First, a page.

Santa Ana Wind Season Brings Heightened Fire Awareness

San Bernardino, CA, September 23, 2011, 3:00pm – The extreme fire hazard potential that exists across San Bernardino County and the Inland Empire grows with the arrival of the Santa Ana winds. The “Devil Winds” as they are known, race through Southern California primarily during the months of October through December. However, it’s not unusual to experience Santa Ana winds as early as September or as late as February. Many of Southern California’s most disastrous fires have been driven by strong, dry Santa Ana winds. CAL FIRE San Bernardino Unit Chief Tim McClelland says fire safety needs to be on the mind of all the residents of San Bernardino County and the Inland Empire, especially those in the mountains and wildland areas. Residents need to maintain a fire safe clearance of a minimum of 100 feet around all structures or to the property line. Even if you did your clearance in the spring, you should give the property a once over so you have good defensible space around your structures. This defensible space provides firefighters the area they need to mount an effective defense of your home. Chief McClelland says it is also very important for residents in the mountain and wildland areas to pay attention to suspicious actions. If you see something suspicious or a person acting suspiciously report it to CAL FIRE, your local fire department or law enforcement agency. It could be an arsonist. If you see a fire, no matter what size, report it to the nearest fire department or call “911”. Don’t assume that another person made the call. The quicker the public reports a fire, the faster firefighters can respond. And remember, if you have information about how a fire started, report it to the fire department or law enforcement.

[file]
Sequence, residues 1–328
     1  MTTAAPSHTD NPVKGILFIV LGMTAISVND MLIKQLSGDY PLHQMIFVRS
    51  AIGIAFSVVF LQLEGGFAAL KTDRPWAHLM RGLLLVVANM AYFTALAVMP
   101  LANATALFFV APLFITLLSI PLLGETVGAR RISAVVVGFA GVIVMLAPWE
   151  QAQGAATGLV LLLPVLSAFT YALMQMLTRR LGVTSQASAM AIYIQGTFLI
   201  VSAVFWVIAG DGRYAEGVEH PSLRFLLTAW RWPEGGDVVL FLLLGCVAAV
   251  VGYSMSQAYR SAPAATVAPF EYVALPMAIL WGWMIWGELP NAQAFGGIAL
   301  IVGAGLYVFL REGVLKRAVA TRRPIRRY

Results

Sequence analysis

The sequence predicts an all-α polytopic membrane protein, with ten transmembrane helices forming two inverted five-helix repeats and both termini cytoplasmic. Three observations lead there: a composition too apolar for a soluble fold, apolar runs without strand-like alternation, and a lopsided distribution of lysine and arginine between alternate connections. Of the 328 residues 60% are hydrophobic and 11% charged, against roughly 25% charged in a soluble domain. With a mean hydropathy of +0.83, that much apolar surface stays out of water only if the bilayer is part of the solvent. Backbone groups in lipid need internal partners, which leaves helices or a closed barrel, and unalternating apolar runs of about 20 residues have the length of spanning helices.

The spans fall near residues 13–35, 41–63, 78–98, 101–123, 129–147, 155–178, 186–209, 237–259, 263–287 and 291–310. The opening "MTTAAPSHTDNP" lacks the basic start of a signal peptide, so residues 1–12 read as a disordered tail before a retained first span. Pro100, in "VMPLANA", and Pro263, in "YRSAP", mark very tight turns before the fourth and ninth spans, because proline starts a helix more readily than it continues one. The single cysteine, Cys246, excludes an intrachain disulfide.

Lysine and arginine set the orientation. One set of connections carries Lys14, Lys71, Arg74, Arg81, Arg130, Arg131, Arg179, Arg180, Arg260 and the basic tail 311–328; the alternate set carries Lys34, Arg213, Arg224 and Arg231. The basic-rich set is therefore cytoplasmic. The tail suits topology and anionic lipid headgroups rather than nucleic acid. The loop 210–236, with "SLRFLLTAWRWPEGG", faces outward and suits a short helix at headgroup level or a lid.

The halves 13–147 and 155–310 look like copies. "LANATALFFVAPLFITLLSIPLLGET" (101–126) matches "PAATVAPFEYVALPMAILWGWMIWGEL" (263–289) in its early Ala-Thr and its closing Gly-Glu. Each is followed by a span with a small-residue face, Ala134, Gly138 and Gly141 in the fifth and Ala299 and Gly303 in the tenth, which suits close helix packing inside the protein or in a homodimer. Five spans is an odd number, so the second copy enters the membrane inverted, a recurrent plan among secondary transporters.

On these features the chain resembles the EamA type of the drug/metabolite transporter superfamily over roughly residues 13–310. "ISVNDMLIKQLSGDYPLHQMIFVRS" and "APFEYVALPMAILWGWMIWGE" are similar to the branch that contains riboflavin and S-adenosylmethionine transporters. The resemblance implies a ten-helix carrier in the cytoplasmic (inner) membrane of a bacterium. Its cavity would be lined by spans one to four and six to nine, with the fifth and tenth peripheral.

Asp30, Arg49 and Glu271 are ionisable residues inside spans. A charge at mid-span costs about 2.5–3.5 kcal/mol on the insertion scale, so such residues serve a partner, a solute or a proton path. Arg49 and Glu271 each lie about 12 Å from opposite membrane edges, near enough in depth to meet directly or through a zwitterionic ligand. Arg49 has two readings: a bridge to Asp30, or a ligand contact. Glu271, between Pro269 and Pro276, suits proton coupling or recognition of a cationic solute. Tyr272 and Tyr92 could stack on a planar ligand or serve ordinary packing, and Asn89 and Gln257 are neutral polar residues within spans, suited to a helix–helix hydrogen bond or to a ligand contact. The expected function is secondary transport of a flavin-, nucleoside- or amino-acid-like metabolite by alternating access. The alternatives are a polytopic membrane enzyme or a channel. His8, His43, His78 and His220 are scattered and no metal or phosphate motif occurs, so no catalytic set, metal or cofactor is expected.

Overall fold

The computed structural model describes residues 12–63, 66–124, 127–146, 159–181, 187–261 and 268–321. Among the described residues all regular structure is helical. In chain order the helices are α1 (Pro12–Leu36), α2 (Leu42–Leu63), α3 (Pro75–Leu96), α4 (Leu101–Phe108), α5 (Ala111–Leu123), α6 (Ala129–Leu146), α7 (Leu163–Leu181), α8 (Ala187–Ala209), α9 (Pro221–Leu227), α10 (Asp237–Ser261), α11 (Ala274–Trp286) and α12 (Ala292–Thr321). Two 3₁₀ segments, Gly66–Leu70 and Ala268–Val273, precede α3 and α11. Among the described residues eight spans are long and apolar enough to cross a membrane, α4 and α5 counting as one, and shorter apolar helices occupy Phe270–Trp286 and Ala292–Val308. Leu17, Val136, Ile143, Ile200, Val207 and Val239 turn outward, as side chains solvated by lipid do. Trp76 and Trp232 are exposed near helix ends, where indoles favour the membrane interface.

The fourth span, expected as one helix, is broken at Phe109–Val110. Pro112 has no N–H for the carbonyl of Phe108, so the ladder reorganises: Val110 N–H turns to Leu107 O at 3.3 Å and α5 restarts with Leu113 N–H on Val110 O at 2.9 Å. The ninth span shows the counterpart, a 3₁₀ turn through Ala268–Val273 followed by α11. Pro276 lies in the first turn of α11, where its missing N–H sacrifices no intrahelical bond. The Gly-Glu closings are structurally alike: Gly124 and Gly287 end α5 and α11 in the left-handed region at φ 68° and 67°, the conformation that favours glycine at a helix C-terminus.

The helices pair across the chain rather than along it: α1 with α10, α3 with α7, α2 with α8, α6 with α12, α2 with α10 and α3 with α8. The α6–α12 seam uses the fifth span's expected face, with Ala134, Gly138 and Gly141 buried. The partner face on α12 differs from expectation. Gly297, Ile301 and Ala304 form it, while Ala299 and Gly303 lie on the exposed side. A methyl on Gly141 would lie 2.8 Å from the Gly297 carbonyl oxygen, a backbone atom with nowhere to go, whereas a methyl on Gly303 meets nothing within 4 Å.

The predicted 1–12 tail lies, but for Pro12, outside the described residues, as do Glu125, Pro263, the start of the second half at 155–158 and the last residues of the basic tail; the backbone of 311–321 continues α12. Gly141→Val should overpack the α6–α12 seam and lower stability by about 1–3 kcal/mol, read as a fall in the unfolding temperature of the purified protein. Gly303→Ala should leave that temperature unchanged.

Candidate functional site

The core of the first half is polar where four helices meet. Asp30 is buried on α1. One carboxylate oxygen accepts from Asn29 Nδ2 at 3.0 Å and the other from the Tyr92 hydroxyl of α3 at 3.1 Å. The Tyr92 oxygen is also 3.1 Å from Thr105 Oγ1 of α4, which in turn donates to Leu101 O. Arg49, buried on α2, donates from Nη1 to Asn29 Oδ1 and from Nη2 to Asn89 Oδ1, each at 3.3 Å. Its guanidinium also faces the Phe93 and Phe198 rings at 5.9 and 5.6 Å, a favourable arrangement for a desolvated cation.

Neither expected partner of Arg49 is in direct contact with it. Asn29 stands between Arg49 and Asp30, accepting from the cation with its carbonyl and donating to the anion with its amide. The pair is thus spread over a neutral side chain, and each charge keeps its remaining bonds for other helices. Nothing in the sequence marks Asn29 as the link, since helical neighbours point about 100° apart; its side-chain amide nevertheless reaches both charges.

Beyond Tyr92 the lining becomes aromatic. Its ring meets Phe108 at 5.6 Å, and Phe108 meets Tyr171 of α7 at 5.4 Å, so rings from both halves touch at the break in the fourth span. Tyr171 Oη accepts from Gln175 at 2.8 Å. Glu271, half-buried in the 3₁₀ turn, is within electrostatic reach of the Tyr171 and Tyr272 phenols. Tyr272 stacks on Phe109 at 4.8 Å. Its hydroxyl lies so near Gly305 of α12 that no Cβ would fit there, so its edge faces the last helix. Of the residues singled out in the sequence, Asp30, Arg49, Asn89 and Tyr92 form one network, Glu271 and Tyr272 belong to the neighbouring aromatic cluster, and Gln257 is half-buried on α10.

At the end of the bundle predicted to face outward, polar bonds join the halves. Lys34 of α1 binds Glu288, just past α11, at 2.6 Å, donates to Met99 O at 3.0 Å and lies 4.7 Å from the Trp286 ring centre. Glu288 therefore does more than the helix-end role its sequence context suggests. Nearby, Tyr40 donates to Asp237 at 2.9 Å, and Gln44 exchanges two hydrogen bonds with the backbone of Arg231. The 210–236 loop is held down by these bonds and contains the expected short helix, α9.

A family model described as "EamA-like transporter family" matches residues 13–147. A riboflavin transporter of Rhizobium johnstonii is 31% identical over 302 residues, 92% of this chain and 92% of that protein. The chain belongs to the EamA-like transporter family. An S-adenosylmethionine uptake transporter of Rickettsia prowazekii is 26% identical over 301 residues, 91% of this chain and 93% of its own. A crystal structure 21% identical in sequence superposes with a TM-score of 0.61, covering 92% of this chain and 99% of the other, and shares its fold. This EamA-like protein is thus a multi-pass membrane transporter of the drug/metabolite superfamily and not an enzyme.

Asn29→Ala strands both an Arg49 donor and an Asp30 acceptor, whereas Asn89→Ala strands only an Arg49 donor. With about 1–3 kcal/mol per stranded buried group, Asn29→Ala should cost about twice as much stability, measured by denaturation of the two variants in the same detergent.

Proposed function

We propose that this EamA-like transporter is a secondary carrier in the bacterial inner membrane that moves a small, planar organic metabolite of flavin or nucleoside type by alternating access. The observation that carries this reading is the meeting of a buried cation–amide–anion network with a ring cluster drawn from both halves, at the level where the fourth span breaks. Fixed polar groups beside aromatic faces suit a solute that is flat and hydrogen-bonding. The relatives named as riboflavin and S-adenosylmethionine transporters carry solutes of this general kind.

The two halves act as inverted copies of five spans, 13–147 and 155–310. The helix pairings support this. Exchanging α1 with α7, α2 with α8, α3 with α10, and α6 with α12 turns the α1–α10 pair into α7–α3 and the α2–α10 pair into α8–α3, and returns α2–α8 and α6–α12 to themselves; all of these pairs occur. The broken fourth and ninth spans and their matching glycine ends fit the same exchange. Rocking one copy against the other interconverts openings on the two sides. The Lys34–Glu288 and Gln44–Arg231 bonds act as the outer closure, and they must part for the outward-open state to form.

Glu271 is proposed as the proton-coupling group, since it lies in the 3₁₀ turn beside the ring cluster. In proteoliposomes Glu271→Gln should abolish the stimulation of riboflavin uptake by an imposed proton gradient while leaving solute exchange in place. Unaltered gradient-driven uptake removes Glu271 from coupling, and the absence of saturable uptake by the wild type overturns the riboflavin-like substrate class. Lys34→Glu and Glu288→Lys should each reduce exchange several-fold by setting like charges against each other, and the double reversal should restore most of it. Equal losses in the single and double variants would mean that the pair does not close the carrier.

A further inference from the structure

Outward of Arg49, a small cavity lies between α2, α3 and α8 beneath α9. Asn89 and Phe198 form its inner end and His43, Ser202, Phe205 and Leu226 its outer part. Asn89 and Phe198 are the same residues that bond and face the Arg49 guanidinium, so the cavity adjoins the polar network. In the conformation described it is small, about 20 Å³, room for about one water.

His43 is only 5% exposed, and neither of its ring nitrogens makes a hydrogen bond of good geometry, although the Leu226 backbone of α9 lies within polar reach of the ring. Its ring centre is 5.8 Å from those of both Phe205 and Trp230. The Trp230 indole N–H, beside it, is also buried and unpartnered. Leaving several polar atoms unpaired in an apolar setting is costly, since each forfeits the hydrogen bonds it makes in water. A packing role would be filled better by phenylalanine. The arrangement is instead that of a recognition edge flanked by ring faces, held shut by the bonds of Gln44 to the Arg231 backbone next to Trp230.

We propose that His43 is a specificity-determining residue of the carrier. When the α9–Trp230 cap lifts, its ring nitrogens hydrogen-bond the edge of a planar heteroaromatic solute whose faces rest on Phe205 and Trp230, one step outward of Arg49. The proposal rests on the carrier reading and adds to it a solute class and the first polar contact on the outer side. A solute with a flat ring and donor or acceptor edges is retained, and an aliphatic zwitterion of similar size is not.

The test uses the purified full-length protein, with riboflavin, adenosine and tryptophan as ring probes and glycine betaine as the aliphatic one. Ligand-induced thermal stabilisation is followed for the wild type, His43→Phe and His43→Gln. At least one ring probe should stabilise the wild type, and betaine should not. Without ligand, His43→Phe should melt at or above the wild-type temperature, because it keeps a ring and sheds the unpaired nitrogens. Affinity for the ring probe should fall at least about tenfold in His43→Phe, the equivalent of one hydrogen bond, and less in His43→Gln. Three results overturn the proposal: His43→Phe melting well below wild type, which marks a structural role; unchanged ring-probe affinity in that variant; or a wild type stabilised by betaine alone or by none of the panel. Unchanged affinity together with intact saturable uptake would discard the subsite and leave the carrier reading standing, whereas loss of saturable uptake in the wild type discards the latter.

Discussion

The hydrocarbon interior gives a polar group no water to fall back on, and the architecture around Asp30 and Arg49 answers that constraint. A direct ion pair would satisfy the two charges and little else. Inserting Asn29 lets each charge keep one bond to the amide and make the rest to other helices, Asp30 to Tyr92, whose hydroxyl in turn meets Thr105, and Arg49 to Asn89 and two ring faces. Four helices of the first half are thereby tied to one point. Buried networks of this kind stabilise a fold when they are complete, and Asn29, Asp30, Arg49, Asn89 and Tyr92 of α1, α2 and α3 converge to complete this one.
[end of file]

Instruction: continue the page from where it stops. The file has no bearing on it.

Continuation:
San Bernardino, CA, September 23, 2011, 3:00pm – The extreme fire hazard potential that exists across San Bernardino County and the Inland Empire grows with the arrival of the Santa Ana winds. The “Devil Winds” as they are known, race through Southern California primarily during the months of October through December. However, it’s not unusual to experience Santa Ana winds as early as September or as late as February. Many of Southern California’s most disastrous fires have been driven by strong, dry Santa Ana winds. CAL FIRE San Bernardino Unit Chief Tim McClelland says fire safety needs to be on the mind of all the residents of San Bernardino County and the Inland Empire, especially those in the mountains and wildland areas. Residents need to maintain a fire safe clearance of a minimum of 100 feet around all structures or to the property line. Even if you did your clearance in the spring, you should give the property a once over so you have good defensible space around your structures. This defensible space provides firefighters the area they need to mount an effective defense of your home. Chief McClelland says it is also very important for residents in the mountain and wildland areas to pay attention to suspicious actions. If you see something suspicious or a person acting suspiciously report it to CAL FIRE, your local fire department or law enforcement agency. It could be an arsonist. If you see a fire, no matter what size, report it to the nearest fire department or call “911”. Don’t assume that another person made the call. The quicker the public reports a fire, the faster firefighters can respond. And remember, if you have information about how a fire started, report it to the fire department or law enforcement.

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